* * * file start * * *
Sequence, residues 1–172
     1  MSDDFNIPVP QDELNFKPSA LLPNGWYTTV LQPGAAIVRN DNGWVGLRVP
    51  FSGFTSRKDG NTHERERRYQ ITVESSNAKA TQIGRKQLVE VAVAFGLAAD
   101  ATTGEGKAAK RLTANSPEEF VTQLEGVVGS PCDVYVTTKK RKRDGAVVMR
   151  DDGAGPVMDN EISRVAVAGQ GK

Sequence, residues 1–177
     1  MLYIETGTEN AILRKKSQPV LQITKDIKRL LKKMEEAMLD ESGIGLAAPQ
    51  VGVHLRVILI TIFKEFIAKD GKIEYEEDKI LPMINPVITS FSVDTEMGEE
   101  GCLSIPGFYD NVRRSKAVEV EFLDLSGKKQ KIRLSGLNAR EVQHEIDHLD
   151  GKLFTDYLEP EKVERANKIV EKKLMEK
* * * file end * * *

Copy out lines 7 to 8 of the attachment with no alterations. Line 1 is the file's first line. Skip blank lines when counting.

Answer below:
     1  MLYIETGTEN AILRKKSQPV LQITKDIKRL LKKMEEAMLD ESGIGLAAPQ
    51  VGVHLRVILI TIFKEFIAKD GKIEYEEDKI LPMINPVITS FSVDTEMGEE